Friday, August 19, 2005

Contractor? I'm not in construction!

I imagine most blogs are started out of boredom. My girlfriend started hers while trapped in a two day training at work in which they made the mistake of giving everyone computers with internet access. I suppose there are those people who blog out of a feeling of self-importance, but I am not one of them.

I don't know if I'm so much bored as in limbo. Since I moved to Minneapolis in November of 2003 (I came here because I was in love with someone- you need a drastic reason to move to Minneapolis at the start of winter), I've been working corporate temp jobs. The work has been tolerable, but mostly was gratifying only in that it kept me out of credit card debt. The problem with being a temp is that if you do a good job, you inevitably put yourself out of work. The upside to being a temp (or a "contractor" per corporate lingo) is that you can try to convince yourself that this is just a brief stopping point on your way to something better. But those reading closely will have noticed that I've been temping just shy of 2 years. Which is hardly "temporary" seeing as how I've only had 3 placements in 2 years, 2 of which were for the same corporation back to back. When you've worked for the same company for a year and a half, its isn't technically temporary. All I can really say about it is that I've had a series of entry level positions for two of the largest employers in the Twin Cities but haven't had health insurance or a single day of paid holiday or vacation that entire time.

When you are a temp, there is always an invisible line dividing you from the perms. Sometimes the line isn't even invisible; at one of the companies they actually make the badges for temps s a different color than the permanent employees. It can be a good thing. You can cheer up by telling yourself you haven't completely sold your soul to the devil; all you have to do is call up the temp agency and have them tell The Man you're not coming back. Not that I ever did that, but I could've. If you are lucky enough to have other temps in the same department you can gossip about the office shenanigans and go on about how you are just doing this until you go back to grad school. Even if all that talk is bullshit. You're not temping so you can have the flexibility to do your art or your activism on the side. You want more than anything for the company to offer you a different colored badge.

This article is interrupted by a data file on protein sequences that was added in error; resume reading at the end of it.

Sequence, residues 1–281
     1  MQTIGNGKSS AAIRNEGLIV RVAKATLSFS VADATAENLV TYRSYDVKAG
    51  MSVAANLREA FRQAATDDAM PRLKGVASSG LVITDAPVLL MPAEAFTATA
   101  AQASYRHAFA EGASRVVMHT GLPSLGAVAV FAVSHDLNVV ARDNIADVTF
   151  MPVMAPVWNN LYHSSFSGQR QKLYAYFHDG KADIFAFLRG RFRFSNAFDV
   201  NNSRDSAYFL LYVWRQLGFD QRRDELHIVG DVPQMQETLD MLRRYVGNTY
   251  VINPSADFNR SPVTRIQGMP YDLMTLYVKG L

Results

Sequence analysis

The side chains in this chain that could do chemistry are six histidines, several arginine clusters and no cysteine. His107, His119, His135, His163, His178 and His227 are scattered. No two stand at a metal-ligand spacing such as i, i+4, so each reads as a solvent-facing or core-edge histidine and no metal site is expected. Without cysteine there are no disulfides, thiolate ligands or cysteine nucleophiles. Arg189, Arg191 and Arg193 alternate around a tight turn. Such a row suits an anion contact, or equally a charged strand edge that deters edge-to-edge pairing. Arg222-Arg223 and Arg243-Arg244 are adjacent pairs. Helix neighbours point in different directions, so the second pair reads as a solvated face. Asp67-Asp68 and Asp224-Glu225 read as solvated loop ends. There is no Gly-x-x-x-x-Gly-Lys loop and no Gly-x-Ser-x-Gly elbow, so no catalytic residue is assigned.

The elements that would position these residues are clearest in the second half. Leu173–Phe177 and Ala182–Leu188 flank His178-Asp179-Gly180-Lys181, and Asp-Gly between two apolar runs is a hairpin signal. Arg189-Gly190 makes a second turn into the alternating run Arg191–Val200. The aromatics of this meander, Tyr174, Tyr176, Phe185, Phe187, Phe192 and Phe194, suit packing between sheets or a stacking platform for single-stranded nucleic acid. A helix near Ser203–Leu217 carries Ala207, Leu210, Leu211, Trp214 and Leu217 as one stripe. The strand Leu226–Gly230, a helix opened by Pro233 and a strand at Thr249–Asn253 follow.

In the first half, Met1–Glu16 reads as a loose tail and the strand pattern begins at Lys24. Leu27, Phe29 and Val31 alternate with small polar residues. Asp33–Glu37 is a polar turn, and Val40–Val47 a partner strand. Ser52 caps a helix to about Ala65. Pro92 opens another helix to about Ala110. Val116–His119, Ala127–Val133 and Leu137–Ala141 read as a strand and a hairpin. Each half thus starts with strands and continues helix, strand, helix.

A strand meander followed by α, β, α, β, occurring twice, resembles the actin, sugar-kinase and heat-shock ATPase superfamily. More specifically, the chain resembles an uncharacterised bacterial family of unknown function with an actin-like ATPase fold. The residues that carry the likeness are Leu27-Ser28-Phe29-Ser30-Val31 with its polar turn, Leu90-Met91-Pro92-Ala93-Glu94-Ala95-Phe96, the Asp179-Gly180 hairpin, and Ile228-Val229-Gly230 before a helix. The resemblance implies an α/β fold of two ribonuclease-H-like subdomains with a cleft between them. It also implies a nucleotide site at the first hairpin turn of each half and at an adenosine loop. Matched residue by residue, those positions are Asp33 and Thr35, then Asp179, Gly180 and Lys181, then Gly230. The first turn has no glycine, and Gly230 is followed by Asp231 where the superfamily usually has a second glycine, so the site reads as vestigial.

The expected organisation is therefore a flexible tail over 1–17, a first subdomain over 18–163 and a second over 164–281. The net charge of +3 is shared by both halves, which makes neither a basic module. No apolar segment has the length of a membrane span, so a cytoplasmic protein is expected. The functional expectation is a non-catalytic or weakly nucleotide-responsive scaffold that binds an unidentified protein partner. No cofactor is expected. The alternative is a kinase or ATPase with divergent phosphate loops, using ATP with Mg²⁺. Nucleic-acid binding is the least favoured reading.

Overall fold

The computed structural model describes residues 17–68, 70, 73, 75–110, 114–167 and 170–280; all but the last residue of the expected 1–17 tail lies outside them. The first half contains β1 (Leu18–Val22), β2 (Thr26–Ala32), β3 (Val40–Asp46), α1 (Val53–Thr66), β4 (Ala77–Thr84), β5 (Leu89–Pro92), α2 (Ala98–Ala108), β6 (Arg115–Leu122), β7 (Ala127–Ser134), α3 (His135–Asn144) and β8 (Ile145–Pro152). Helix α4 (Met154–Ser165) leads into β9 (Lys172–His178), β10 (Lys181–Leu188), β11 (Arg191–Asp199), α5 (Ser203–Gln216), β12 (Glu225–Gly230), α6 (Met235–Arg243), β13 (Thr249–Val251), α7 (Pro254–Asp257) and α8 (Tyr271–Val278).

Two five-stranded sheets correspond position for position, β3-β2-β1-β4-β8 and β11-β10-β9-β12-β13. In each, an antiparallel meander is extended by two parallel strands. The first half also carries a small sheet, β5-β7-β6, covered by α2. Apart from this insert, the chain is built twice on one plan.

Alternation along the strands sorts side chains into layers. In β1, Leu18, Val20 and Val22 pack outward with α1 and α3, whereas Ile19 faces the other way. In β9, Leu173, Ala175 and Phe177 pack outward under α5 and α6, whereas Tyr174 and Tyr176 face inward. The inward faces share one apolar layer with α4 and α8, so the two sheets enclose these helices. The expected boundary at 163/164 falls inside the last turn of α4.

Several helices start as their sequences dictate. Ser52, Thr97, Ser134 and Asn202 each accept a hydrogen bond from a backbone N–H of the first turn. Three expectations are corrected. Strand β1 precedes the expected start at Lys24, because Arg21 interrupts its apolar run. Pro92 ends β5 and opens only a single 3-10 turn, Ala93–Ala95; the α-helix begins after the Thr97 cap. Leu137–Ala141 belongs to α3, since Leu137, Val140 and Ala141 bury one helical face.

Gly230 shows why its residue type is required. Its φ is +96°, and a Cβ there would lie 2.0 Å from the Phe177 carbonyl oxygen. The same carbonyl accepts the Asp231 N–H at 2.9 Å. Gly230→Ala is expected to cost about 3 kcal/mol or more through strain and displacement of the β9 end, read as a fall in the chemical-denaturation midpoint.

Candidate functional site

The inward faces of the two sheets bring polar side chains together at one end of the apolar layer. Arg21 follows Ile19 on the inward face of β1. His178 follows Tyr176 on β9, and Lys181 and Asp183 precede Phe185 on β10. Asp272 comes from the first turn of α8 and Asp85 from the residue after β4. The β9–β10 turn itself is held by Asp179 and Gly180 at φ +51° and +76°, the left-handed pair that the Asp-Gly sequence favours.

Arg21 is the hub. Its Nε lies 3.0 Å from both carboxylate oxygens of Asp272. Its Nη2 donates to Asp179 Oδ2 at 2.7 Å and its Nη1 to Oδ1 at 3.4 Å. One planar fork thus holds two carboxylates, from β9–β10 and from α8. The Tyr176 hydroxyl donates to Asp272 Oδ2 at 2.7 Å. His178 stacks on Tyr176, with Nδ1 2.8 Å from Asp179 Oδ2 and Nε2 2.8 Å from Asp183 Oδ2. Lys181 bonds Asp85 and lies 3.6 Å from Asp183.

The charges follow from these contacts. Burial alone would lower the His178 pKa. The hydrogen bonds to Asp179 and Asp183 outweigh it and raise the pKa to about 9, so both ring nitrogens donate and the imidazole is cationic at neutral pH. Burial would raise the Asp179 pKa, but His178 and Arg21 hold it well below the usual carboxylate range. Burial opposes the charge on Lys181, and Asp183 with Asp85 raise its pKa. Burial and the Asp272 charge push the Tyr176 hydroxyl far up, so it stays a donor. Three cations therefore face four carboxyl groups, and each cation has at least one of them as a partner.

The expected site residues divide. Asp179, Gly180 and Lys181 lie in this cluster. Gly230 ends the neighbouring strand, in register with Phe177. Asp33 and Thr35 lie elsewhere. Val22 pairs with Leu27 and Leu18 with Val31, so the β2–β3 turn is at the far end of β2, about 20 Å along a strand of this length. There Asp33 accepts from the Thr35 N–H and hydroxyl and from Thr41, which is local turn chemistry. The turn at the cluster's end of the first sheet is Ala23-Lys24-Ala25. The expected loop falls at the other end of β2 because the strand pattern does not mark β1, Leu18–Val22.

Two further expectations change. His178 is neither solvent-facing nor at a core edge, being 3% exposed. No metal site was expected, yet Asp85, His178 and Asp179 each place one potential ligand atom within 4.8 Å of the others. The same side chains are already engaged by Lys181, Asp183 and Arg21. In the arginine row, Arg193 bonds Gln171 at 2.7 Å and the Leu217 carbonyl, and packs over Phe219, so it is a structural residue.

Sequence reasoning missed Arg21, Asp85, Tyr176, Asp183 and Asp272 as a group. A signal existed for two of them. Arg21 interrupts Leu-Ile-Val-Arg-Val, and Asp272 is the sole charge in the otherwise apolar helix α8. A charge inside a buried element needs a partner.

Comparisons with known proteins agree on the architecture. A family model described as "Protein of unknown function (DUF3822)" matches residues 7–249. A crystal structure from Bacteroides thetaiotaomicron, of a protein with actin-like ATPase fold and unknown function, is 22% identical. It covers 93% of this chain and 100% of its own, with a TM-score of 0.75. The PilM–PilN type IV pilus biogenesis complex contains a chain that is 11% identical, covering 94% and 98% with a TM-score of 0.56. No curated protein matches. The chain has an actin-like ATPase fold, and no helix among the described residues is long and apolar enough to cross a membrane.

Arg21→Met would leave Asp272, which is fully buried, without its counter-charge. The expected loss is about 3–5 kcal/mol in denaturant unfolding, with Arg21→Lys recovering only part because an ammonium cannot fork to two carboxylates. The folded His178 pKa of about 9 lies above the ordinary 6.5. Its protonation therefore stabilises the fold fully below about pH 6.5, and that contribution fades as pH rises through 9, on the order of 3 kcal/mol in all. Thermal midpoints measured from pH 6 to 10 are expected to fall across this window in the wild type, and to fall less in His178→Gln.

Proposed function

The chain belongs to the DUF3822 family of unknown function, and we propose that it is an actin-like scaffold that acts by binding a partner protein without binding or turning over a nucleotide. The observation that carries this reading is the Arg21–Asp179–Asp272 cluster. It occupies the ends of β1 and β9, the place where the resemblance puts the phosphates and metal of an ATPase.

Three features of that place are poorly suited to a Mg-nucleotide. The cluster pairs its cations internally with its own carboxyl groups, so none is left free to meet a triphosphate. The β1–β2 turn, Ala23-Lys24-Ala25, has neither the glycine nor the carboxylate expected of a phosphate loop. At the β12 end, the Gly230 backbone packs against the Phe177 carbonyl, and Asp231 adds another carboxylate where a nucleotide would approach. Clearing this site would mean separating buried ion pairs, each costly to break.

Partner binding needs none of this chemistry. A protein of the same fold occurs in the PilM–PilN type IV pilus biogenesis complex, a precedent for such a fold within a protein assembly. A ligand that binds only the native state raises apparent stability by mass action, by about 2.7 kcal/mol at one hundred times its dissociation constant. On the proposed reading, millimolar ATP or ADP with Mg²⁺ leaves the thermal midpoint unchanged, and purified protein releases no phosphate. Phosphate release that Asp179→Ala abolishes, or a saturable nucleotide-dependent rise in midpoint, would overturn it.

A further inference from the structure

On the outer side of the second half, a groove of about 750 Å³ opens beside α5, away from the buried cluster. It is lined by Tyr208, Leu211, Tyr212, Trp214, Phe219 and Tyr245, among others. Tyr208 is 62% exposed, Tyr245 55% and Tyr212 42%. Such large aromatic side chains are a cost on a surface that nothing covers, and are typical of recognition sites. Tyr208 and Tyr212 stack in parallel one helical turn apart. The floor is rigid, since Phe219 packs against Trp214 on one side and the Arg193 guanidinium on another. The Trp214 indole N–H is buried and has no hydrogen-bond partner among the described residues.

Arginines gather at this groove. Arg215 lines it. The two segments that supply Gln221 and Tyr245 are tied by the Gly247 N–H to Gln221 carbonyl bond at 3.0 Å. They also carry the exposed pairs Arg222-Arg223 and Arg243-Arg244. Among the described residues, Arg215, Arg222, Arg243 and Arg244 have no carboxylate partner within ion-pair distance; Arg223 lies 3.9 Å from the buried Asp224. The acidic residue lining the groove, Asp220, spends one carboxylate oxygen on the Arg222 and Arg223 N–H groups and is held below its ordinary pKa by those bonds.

Usually that separation of temps and perms just sucks. The perms don't want to invest any time in you because they know you're just passing through, or worse, have decided to treat you as their personal secretary. You eat lunch alone in the overpriced cafeteria or at your desk, where you can at least email friends you are also trapped in cubicles and feel some camaraderie. The worst was when I was working at a place that wouldn't allow temps to participate in the office holiday gift exchange ("secret Santa" was re-dubbed "secret snowball" because not everyone believes in Santa). Look, if I've been coming to the same office on time for 6 months, I don't care if my paycheck comes from The Agency, I have a right to purchase and receive cheap crap as much as the next guy. I want to re-gift that stinky candle I got last year dammit!

Perhaps for my next entry, I'll try to figure out how I ended here. In the meantime, here's my current To Do list:

  1. Rx refill
  2. Blog (yea! I can check something off)
  3. Pay cc bill
  4. deposit Fringe + tax refund
  5. Allegra's B-day
  6. Job Hunt
  7. Find Summons
  8. Mail jeans/Cds/programs to Tony/Katie
  9. Buy stamps
  10. Therapist
  11. email family re: vacation

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